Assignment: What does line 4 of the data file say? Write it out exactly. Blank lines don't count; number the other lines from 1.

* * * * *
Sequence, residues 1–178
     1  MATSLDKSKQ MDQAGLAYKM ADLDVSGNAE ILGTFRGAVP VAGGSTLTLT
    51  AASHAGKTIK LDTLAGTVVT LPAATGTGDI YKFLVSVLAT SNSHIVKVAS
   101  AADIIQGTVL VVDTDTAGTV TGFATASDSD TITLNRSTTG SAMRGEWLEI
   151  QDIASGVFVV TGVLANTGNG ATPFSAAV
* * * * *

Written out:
   101  AADIIQGTVL VVDTDTAGTV TGFATASDSD TITLNRSTTG SAMRGEWLEI